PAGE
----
The improvement in the graduation rate for the Public Schools of Robeson County for the last two years is so steep that it’s difficult to believe.
Just three years ago, a fraction more than half of high school students in this county graduated four years after they entered ninth grade. Following the most recent school year, that percentage has risen to almost four out of five graduating — 78.8 percent, which is even better than the state average.
This has been achieved with essentially the same teachers, curriculum, students and parents in a county whose demographics stack up heavily against academic achievement. So was it something in the Lumber River?
School officials, understandably pleased, point to two things: a better tracking system and the Learning Acceleration Program.
They say that in years past this county’s schools have too often been penalized when a student transferred to another school or district yet still graduated in four years. Because that student wasn’t carefully tracked, the school where the student entered ninth grade was penalized. Better record-keeping has kept those graduates from falling through the paper crack.
But clearly the biggest booster of the improved rate is the Learning Acceleration Program, the baby of schools Superintendent Johnny Hunt. The program identifies juniors and seniors who are in danger of falling hopelessly behind in credits and ushers them into the LAP, where they can make up a lot of ground quickly — and at their own pace — through online courses that include instruction from certified teachers who move from classroom to classroom, keeping an eye on a student’s back.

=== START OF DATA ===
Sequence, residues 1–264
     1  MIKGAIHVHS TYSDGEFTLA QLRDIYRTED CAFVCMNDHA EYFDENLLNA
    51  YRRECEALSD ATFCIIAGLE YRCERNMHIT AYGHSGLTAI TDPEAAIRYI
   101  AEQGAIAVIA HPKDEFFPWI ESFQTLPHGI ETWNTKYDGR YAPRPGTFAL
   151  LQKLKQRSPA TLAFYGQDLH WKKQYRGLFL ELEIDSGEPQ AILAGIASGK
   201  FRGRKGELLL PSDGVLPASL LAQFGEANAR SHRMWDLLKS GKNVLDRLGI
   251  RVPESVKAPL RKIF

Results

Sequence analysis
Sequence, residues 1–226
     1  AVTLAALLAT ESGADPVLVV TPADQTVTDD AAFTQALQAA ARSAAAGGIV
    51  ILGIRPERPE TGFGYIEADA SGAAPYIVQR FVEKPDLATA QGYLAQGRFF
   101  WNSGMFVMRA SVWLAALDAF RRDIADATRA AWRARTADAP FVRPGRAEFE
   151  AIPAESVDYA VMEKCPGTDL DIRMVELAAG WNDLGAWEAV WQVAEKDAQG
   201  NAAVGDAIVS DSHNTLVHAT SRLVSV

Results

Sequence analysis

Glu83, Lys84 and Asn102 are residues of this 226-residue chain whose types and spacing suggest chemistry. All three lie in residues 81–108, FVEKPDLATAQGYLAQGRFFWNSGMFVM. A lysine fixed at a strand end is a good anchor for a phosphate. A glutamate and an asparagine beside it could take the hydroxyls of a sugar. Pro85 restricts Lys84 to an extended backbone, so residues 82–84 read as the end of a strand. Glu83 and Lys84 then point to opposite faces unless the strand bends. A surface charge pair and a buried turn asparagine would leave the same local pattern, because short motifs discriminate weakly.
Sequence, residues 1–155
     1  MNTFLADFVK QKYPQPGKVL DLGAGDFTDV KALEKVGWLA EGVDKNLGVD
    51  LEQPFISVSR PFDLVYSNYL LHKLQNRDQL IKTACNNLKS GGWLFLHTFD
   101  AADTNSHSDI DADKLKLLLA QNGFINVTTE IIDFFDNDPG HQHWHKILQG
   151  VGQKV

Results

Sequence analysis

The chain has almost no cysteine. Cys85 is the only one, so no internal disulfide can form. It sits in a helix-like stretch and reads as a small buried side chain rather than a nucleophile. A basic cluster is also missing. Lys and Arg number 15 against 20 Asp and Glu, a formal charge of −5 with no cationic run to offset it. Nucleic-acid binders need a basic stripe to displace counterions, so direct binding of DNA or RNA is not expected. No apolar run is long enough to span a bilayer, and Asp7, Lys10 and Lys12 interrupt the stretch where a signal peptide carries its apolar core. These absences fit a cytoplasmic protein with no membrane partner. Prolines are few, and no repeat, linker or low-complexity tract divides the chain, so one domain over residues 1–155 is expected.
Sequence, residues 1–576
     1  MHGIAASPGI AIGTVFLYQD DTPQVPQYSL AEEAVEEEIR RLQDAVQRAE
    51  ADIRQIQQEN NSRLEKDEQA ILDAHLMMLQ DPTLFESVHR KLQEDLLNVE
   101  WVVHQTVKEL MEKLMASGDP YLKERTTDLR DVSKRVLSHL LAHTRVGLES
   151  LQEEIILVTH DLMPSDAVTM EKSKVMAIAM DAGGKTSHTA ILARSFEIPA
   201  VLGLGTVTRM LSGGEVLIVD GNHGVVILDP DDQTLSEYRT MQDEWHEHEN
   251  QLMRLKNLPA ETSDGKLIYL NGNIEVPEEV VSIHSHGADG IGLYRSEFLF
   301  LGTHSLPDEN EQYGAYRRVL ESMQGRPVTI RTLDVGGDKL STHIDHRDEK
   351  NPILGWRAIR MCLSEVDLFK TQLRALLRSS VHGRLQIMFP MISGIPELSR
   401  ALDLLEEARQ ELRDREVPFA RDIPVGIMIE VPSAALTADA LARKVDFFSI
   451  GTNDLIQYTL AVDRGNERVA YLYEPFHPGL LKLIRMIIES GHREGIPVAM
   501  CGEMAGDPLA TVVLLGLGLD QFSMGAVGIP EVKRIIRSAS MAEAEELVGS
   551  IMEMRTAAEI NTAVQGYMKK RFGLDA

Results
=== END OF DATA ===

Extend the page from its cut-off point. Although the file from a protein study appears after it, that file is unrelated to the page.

It’s a wonderfully aggressive approach to a problem that required boldness, and Hunt deserves credit.
We hate to rain on the parade, but have been told privately by several educators that the program is not always rigorous, and that diplomas are being awarded to some students who have not earned them. We don’t know — but the precipitous climb in the graduation rate is guaranteed to produce skeptics.
Here is what we believe: The Learning Acceleration Program has helped some students earn — emphasis on earn — diplomas who otherwise might not have graduated, and better prepared them for what comes next, and that’s something to celebrate. We are also sure that some students are being waved ahead without having done all the necessary work. The impossible task is assigning the percentages.
It is up to the classroom teachers, and not those in the central office, to ensure that one student’s earned diploma isn’t cheapened by another’s diploma that’s wrapped in a bow. But it’s the duty of the central office — and the Board of Education — to ask the tough questions that naturally arise when a school system’s graduation rate rises 27 percentage points in such a short time.
No one benefits when academic inattentiveness is rewarded, not even those receiving the gift.